Here is something a bit different. The basic idea, design elements, and the way the imagery is placed on the arm are all inspired by a Brazilian walking stick. The overall look is very interesting and I love the uniqueness, which made it a super cool piece to do.
So when I was asked to do a skeleton in medieval type stocks with a newer, yet antiqued lock and a skeleton key I figured it was probably a pretty common theme even though it hadn’t been requested before. I googled it and it seems it isn’t. Weird.
For some reason it just seemed it should be.
Anyways… the key hangs around the neck because that way it tantalizes yet is out of reach. That is what the client was going for here.
If you are unfamiliar with stocks… This is from Wikipedia:
Stocks are devices used internationally, in medieval, Renaissance and colonial American times as a form of physical punishment involving public humiliation. The stocks partially immobilized its victims and they were often exposed in a public place such as the site of a market to the scorn of those who passed by.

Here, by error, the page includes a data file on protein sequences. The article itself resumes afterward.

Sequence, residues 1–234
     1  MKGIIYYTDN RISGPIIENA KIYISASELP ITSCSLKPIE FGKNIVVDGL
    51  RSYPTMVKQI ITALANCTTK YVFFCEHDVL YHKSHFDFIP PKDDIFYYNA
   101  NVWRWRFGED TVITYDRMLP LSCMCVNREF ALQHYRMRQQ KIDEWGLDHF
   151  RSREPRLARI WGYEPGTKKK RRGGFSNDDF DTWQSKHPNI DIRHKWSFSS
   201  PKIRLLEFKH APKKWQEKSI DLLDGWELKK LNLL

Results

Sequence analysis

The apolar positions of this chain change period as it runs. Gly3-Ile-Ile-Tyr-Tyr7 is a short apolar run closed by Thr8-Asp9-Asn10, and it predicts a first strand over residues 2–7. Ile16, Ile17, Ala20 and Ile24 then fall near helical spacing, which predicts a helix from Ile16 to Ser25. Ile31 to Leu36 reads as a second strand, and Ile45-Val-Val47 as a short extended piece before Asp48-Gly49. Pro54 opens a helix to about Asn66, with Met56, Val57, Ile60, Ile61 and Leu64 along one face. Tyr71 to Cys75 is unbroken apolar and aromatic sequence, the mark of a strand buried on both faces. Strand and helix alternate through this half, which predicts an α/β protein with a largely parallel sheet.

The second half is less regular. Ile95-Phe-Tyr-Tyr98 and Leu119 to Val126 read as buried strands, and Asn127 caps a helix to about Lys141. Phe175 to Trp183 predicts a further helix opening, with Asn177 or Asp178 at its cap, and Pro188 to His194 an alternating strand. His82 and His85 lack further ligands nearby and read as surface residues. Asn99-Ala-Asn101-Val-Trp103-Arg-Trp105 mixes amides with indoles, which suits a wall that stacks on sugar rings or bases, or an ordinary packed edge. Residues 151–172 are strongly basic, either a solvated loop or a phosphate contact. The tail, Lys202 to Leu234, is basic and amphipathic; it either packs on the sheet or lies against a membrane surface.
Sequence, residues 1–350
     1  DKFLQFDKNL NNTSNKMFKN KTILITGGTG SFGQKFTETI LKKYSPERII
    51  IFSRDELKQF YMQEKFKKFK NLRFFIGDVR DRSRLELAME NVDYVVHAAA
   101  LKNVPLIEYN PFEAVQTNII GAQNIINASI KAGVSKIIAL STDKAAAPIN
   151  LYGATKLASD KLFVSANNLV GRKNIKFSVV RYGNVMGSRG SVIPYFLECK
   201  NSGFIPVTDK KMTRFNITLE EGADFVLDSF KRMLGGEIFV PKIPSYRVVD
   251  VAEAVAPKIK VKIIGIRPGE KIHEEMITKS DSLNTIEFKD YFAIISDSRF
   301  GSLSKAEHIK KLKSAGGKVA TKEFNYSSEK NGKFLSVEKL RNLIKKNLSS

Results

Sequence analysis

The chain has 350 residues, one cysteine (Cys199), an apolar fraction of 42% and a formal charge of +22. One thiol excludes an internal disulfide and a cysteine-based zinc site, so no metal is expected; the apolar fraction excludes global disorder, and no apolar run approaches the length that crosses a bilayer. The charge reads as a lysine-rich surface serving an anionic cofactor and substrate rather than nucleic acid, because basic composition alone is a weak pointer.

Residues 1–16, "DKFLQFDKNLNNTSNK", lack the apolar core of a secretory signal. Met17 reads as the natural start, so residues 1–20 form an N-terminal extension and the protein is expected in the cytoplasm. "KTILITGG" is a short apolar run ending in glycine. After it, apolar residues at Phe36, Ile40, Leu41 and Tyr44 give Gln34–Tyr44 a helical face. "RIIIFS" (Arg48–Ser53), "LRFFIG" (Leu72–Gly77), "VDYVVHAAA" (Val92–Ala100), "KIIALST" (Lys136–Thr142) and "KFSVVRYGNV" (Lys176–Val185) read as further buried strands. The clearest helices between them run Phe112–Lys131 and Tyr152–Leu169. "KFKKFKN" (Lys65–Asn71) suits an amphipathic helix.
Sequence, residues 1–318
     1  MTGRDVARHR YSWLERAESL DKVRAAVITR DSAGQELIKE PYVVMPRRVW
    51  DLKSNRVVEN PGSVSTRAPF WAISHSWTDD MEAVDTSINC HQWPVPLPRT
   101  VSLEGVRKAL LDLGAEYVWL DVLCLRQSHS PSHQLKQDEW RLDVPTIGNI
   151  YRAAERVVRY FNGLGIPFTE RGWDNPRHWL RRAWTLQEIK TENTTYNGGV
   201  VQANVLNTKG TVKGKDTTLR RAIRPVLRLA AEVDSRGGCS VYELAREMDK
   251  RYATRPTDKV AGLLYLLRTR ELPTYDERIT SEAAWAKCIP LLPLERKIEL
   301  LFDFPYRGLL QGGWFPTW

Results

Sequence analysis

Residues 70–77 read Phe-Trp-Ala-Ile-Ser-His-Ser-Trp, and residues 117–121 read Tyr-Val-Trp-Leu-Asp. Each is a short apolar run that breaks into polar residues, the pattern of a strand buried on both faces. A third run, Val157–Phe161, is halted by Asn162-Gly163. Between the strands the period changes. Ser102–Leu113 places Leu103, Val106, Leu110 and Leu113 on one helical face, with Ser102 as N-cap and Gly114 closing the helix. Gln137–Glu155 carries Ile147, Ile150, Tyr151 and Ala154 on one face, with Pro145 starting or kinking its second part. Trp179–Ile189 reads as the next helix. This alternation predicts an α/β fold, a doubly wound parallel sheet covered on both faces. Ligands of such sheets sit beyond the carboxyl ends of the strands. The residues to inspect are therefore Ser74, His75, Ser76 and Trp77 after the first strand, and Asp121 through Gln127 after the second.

I hit this picture with a remove color filter option and since it was black work only and I figured it looked cool that way I left that way.
It is also a bit carousel horse and when I was asked to draw it I was told it should be a Friesian Unicorn with rainbow zebra stripes.
All in all this is a very unique tattoo. I searched all over trying to find a rainbow zebra striped friesian unicorn drawing or painting because I had never seen one before and came up empty handed. It seems it isn’t so hard to come up with newness in art or tattoos after all.
The location is the right thigh. All of the stuff going on in this piece was from the clients imagination. The little owl and wizard frog are revamps of existing images she supplied. The war turtle was an existing piece I did a year or so earlier. The rest was mostly bic penned on per her description. The photo was taken at approximately two years healed. My favorite part to do was the little spooky cabin in the far left background and the rolling grass hills.
Mermaid – from the Old English mere (sea), and maid (a girl or young woman). The equivalent term in Old English was merewif. This particular mermaid tattoo is done in a style I would roughly consider Neotraditional American with slightly thinner lines than usual to add a bit more femininity and give room for more detail in the scales.. The art is a re-draw of a client supplied image. The location is on the outer thigh just behind (to the side) of the knee. As a mermaid fun fact I give you this… In 1493 the famed explorer Christopher Columbus reported seeing three “female forms” which “rose high out of the sea.” He noted that the mermaids were not as lovely as represented in fables and art.